British Airways Plc’s 12,000 cabin crew will struggle to win a dispute over staffing and pay even after two strikes that cost the carrier 45 million pounds ($69 million), according to the man who led their last walkout.
A slump in air travel following the global recession has created tougher negotiating conditions, said George Ryde, who was the senior aviation official at the U.K.’s Transport & General Workers union during the three-day stoppage in 1997.
“We’re in a different environment now,” Ryde said from New Zealand, where he emigrated in 2001. “This industry is cyclical and the troughs are getting deeper and the peaks are becoming lower, so the pressure is on for everybody.”
The Unite union that represents cabin crew is currently locked in talks with its members. British Airways is waiting to hear whether the labor group will recommend management’s proposal to members or call a further walkout.
Martin Broughton, the airline’s chairman, said April 16 he was confident negotiations would end “soon.” Unite spokeswoman Pauline Doyle declined to comment. Neither side has disclosed any details of the new offer.
The dispute started when Chief Executive Officer Willie Walsh, seeking to reduce flight-attendant costs by 63 million pounds, cut the number of crew on long-haul flights in November without consulting unions. That was after he secured voluntary departures and part-time working that eliminated 1,500 jobs.
British Airways is slashing costs amid sagging demand on long-haul routes and competition from discount carriers within Europe. The London-based company says it’s likely to report a 600 million-pound pretax loss for the fiscal year ended March 31, compared with a then-record profit of 640 million pounds posted months before the July 1997 walkout.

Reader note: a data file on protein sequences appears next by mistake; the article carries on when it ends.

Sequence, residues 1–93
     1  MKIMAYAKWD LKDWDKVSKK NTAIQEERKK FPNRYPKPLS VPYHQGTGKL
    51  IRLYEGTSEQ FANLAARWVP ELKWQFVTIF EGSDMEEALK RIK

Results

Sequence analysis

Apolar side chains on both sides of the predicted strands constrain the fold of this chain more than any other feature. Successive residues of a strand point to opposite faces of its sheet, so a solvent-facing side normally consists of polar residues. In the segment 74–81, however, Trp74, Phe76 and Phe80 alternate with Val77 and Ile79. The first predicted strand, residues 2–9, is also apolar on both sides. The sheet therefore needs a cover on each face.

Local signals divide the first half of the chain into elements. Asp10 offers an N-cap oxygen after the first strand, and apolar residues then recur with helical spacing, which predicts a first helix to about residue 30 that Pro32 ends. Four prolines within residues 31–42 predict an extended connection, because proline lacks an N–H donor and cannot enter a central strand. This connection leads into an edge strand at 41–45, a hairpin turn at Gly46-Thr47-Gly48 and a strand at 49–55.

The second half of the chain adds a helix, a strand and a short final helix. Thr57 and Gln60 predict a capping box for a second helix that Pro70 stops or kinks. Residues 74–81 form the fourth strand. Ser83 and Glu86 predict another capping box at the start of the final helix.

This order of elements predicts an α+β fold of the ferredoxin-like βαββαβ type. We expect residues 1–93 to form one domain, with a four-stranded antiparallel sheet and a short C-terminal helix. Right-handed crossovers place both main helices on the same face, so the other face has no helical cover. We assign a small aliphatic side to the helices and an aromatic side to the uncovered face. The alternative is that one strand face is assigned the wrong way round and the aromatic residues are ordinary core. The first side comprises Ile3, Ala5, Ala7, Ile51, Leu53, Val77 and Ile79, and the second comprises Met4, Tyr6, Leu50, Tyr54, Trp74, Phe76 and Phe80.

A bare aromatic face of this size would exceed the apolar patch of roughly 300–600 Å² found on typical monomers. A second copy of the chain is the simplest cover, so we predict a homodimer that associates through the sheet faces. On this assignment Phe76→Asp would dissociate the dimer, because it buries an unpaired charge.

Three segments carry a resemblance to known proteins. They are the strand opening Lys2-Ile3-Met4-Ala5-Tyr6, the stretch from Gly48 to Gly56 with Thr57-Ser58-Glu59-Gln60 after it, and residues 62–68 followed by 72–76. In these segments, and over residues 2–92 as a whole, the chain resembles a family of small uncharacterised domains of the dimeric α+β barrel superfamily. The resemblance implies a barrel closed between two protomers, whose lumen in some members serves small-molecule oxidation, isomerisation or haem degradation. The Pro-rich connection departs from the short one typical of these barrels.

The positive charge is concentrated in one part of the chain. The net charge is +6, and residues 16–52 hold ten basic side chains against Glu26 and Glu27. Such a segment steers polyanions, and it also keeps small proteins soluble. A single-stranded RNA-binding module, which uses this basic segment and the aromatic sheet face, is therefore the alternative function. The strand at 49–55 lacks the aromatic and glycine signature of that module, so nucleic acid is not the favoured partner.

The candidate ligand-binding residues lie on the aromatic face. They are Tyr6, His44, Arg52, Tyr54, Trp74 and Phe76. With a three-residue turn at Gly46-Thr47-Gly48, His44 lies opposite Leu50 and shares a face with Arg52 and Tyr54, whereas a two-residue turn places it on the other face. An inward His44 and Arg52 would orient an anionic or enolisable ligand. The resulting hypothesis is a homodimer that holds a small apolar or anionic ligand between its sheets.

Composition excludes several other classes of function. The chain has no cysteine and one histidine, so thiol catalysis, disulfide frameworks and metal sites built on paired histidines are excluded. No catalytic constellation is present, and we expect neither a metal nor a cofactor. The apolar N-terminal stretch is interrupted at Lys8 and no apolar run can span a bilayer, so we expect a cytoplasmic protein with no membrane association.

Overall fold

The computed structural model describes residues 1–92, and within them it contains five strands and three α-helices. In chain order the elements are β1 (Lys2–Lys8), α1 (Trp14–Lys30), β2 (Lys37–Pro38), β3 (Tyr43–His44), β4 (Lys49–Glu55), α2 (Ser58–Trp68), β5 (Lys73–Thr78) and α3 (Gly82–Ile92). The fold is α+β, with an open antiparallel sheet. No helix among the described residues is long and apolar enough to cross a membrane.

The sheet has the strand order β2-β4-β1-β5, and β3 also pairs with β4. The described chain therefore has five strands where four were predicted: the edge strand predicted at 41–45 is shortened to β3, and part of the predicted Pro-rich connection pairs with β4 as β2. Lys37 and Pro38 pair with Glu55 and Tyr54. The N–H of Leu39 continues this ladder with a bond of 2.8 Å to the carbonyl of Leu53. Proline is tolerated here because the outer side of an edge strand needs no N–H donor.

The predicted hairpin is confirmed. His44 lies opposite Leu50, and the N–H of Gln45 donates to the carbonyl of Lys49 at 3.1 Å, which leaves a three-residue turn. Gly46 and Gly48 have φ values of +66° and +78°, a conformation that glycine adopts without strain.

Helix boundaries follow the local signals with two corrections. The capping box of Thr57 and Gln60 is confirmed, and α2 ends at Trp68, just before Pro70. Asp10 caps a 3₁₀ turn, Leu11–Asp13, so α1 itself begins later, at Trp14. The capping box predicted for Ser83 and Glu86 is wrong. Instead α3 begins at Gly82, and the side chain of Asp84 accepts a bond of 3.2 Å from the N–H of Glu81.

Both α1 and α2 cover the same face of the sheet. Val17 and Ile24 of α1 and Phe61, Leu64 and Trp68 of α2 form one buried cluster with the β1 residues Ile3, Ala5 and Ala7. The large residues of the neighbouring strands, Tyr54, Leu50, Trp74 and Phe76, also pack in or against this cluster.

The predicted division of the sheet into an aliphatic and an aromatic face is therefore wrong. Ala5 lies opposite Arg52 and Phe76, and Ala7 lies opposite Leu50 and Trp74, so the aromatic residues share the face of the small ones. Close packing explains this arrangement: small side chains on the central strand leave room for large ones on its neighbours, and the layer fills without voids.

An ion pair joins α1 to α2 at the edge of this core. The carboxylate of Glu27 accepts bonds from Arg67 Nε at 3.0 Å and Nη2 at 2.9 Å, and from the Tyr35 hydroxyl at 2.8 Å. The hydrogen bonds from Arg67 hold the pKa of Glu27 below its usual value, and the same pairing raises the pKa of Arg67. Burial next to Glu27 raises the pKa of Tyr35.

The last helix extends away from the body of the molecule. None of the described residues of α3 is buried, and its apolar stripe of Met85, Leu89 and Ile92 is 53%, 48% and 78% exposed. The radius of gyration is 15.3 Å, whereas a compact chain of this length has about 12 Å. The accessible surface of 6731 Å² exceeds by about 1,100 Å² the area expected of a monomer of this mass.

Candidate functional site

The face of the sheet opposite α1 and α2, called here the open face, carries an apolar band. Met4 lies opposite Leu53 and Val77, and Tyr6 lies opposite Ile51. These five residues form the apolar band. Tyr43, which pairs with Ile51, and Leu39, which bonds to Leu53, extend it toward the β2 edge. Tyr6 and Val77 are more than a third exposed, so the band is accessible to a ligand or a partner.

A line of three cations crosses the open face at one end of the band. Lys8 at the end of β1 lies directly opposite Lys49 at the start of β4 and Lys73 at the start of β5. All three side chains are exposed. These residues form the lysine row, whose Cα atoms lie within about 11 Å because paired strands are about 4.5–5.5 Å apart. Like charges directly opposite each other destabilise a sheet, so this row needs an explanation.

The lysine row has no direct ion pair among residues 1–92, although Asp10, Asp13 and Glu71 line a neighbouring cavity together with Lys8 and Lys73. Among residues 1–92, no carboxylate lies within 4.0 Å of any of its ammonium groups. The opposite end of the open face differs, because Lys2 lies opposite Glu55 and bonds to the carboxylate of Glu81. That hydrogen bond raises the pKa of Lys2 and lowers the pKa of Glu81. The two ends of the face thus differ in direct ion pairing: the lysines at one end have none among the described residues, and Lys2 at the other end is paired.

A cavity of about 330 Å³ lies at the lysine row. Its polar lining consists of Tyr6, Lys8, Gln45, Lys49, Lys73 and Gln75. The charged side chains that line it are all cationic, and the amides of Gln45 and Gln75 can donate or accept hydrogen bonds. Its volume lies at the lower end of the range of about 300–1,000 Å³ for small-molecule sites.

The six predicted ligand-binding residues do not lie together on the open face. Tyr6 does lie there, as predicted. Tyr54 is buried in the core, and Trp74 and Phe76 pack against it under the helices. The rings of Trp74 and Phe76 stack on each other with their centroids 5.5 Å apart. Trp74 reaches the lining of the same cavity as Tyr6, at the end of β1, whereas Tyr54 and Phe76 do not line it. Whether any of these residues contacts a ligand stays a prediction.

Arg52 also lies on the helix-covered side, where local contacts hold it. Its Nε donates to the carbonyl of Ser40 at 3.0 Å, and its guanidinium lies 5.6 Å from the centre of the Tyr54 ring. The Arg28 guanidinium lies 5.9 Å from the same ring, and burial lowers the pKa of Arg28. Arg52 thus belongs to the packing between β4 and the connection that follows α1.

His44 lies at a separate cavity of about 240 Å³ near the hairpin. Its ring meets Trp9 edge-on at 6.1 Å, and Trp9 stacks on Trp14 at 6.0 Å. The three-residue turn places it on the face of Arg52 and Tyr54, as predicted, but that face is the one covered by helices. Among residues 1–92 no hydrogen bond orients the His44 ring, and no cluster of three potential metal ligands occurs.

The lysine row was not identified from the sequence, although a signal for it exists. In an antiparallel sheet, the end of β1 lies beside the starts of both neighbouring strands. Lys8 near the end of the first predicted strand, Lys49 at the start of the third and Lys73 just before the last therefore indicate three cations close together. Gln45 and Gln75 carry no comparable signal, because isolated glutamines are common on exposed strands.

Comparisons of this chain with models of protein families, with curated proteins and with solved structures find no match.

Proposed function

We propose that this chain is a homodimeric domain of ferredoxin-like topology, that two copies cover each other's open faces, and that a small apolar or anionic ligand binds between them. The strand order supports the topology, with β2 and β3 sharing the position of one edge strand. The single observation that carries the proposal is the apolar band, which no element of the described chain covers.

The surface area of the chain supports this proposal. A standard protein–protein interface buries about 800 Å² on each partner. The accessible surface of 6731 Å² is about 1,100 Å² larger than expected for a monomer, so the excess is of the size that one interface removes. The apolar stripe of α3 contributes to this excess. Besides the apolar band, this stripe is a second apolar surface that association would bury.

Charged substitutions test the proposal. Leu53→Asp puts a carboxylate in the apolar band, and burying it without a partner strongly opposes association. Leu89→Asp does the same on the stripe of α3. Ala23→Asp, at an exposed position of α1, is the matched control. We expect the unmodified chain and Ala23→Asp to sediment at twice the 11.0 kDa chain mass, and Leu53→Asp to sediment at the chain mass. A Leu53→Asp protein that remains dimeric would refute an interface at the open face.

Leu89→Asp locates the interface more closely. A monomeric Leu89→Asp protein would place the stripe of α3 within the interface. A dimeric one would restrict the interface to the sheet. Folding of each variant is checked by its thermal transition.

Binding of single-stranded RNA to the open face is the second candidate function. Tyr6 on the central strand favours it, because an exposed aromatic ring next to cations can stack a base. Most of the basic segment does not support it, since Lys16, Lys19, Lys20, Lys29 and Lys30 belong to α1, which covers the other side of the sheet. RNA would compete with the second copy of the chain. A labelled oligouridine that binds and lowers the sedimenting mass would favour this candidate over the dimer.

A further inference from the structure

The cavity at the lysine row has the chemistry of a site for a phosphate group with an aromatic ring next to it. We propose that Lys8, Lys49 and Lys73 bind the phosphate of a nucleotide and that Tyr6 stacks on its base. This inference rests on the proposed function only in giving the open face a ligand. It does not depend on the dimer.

The airline said yesterday that it is also losing as much as 20 million pounds of revenue a day due to disruption caused by clouds of ash from the volcanic eruption in Iceland.
Ryde’s comments echo those of Walsh, who says the recession has changed the airline industry forever, with some business travelers unlikely to ever return to premium cabins. That environment requires a step change in the company’s cost base, Walsh says.
“This is an airline that has a history of being bloated and never able to get costs under control,” said Howard Wheeldon, a senior strategist at BGC Partners LP in London, who has covered BA since it was first listed on the stock market in February 1987. “Much was done, but it was never finished.”
Ayling vs. Walsh
In 1997, then-CEO Bob Ayling achieved 42 million pounds of savings in areas such as expenses and working practices, while ceding control over where the cuts were made to the T&G, according to Andrew Murray, a spokesman for the union at the time and now director of communications at Unite, its successor.
“Ayling made a situation that had been festering beneath the surface worse,” Wheeldon said. “He was just dismissive of cabin crew, as if he felt he was above them. Walsh realizes that they’re important and I think he does respect them.”